The first ever Fixfest will celebrate a surge of interest in community repair groups across the globe
Makers, tinkerers and anyone interested in making ‘stuff’ more sustainable are invited to attend a new festival in London in October.
Fixfest – thought to be the first international gathering for the community repair movement – runs from 6-8 October and will bring together fixers from Argentina to Norway, as well as across the UK. Organisers The Restart Project hope the event will help “galvanise an emerging community repair movement” and promote a more sustainable consumer economy.
“Fixing requires skill, teamwork, ingenuity, perseverance. It is also a hands-on way to learn how our throwaway economy fails people and the planet,” said The Restart Project co-founder Ugo Vallauri. “The most exciting thing about Fixfest is connecting with other groups from around the world with a similar experience.”
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The Restart Project is a London-based charity which works to help people learn to extend the life of their electronic gadgets and prevent ‘unnecessary e-waste’ through practical community repair events. The three-day festival marks five years since the charity’s first community repair event.
Fixfest will host a series of talks, discussions and workshops. Those from the ‘repair community’ will be encouraged to share experiences, skills and frustrations, such as the barriers to repairing certain products. On the night of Saturday 7 October, a Restart Party will be held at the Museum of London. The event will be open to the public to learn new skills and to bring along broken items for fixing.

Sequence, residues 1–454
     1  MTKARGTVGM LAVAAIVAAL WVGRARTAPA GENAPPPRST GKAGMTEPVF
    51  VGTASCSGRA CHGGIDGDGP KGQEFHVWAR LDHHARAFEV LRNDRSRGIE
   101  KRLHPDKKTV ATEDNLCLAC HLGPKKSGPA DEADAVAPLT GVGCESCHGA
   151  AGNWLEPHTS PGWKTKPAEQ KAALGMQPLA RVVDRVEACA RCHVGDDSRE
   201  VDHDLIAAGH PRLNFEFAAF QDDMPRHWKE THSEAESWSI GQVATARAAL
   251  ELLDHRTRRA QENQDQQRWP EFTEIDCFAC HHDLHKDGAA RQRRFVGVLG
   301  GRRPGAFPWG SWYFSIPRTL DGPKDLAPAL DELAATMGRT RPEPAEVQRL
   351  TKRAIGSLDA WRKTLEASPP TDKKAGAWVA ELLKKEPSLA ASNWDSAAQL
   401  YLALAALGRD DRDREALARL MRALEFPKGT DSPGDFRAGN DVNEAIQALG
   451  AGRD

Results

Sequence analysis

It is a hands-on way to learn how our throw-away economy fails people and the planet
Speakers over the weekend include designer Leyla Acaroglu, science writer Lewis Dartnell and the Repair Cafe founder Martine Postma. Topics will range from the origins of the community repair movement, to how we could create a ‘more resilient world’.
Since its first event in 2012, The Restart Project, along with partner organisations, have seen 3,800 people attend repair parties to save their devices from waste and volunteers have put in 5,100 hours of time to share their fixing skills. As a result, those behind The Restart Project estimate that a total 3.7 tonnes of e-waste has been saved from landfill.
“We expected frustrated owners of broken gadgets and appliances in need of help, but we never expected to unleash such a generous and engaged technical community,” said Vallauri.
Fixfest runs 6-8 October at the London School of Economics and the Museum of London.
Discounted early bird tickets are available until 15 September. Free tickets are available to community repair activists and discounts are available to those who need them.